“The best lives are riddled with ambiguities and lined with shadows. Each of them is a story about grace.”
Life is lived in the commas, among dashes and eclipses, but many of us prefer the period.
We like clear resolution and a definitive end.
- I am right. She is wrong.
- They are evil. We are good.
- You are at fault and need to stop whining, so we can wrap this up and go home.
Wielding periods, we can slam doors, burn bridges, and shake the disgusted dust off our feet. How satisfying to stamp Mystery Solved, Case Complete, Game Over, The End to our drama, our questions, and our doubts.
But the truth unfolds in the commas.
- In some ways he’s right, but not completely.
- She may be wrong, but is on the right track.
- We are all sometimes evil, and we are all capable of great good. The line goes through, not between us.
What are we learning when resolution eludes us? What growth takes place as life’s sentences run on? Commas must be feared if the world has no author. Truth feels slippery, lines quickly blur, we all stumble along, waiting for our worst fears to come true.
Waiting In The Commas
In the season of Advent we wait, and remember the ancient rumors have turned out to be true. There is an author in charge, the perfect end even no unfolds, and we’ve been handed the plot line–not a list of pious opinions, but a person to follow. Jesus. Our light in the darkness, our guide through the chaos, our power to love when surrounded by hate, he promises to redeem, restore, transform even our most dreadful mistakes (if we let him) into breathtaking beacons of hope.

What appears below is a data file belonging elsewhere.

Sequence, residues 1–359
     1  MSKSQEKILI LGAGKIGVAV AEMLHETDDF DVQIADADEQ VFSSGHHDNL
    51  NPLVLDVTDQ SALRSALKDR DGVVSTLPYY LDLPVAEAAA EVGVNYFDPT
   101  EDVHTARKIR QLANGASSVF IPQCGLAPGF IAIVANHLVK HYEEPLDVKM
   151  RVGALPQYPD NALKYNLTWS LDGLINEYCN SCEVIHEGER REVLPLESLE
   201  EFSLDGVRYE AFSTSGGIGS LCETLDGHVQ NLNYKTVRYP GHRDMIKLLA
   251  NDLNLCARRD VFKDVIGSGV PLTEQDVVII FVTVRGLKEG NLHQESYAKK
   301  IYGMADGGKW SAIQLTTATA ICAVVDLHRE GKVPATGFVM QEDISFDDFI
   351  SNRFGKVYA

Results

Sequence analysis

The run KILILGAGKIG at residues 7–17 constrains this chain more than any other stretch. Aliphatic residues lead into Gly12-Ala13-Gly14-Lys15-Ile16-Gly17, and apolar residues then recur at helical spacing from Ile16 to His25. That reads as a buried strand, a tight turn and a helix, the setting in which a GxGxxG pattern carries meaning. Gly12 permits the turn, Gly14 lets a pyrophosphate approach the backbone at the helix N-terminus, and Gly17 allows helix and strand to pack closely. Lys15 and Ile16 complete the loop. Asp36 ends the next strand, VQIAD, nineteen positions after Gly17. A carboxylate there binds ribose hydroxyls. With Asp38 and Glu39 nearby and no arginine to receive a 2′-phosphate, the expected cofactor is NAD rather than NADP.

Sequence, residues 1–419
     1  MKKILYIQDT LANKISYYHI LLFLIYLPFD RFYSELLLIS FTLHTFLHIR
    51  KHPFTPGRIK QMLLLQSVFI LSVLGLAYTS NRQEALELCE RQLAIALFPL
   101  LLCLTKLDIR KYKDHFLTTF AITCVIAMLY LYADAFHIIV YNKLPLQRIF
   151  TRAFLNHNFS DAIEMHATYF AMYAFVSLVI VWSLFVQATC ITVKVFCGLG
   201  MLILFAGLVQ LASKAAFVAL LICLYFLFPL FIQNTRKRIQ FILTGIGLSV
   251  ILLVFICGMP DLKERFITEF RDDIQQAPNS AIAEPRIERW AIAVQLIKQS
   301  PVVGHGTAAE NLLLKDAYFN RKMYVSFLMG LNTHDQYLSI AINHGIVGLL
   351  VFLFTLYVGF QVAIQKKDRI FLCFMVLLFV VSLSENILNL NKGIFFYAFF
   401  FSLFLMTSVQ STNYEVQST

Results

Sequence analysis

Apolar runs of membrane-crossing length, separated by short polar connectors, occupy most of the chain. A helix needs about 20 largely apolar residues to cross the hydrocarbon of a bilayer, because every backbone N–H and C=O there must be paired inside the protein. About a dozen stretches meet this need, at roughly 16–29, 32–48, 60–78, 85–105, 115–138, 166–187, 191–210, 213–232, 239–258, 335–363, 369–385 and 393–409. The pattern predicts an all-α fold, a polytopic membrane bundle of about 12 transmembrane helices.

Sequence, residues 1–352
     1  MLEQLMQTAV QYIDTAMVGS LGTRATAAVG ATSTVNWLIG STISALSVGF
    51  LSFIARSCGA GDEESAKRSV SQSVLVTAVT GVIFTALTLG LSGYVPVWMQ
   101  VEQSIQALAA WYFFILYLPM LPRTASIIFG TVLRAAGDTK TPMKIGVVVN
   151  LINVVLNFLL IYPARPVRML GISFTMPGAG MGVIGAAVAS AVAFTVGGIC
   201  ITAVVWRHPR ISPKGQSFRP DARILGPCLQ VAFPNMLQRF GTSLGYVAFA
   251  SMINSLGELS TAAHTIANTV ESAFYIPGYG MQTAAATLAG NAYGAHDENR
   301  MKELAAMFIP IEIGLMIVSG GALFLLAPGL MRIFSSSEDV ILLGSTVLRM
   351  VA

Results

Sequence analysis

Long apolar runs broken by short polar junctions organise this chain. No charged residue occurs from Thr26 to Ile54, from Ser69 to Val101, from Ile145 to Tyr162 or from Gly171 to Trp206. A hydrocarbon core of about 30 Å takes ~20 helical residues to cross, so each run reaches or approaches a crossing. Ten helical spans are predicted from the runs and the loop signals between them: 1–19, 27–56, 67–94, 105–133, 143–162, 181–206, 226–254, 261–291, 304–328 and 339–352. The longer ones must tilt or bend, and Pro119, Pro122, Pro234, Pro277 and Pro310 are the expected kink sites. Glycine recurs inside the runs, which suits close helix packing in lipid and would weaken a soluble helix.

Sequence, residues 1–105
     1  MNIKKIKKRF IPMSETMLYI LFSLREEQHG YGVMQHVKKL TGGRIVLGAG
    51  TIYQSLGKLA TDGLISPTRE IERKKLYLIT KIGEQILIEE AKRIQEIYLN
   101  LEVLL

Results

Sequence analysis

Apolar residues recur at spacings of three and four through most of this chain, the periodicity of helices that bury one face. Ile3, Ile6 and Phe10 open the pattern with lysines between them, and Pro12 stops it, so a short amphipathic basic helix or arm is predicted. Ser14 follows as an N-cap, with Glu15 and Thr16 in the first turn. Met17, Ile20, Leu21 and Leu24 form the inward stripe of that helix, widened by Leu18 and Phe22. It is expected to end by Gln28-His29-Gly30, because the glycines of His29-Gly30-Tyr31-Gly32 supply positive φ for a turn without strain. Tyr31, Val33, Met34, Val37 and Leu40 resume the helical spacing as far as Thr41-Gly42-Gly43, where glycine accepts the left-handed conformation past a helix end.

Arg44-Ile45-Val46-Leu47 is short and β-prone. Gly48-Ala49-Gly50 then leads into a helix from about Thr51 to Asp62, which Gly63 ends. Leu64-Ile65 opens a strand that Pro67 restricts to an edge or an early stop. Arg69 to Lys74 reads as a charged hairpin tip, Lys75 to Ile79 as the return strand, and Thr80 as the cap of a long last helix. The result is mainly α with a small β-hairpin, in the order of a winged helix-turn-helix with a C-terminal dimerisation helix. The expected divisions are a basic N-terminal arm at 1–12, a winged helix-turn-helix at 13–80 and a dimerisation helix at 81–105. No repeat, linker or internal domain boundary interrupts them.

One day the period will be put to all evil, death, and misery. For now God waits, patiently moving through the good and the bad, wasting nothing, giving up on no-one, desiring that everyone on earth run into his outstretched arms.
But, remember, he uses our arms for the job. He demands that we love others the way we long to be loved, even when our punctuation is out of sync.
It’s not easy.
Flourishing in the commas requires humility (I could be wrong, because there’s more to this than I can see), hope (God is not absent just because I’m tempted to despair) and habit (I will keep my heart open, continue to love, especially the people whom nobody else will love).
1 Corinthians 13, 2 Peter 3:8-10
Where do you see the love of God at work in the commas?
The quote at the top is from Marilyn McEntyre’s lovely new book, Word by Word, A Daily Spiritual Practice. A perfect stocking stuffer for your favorite reader.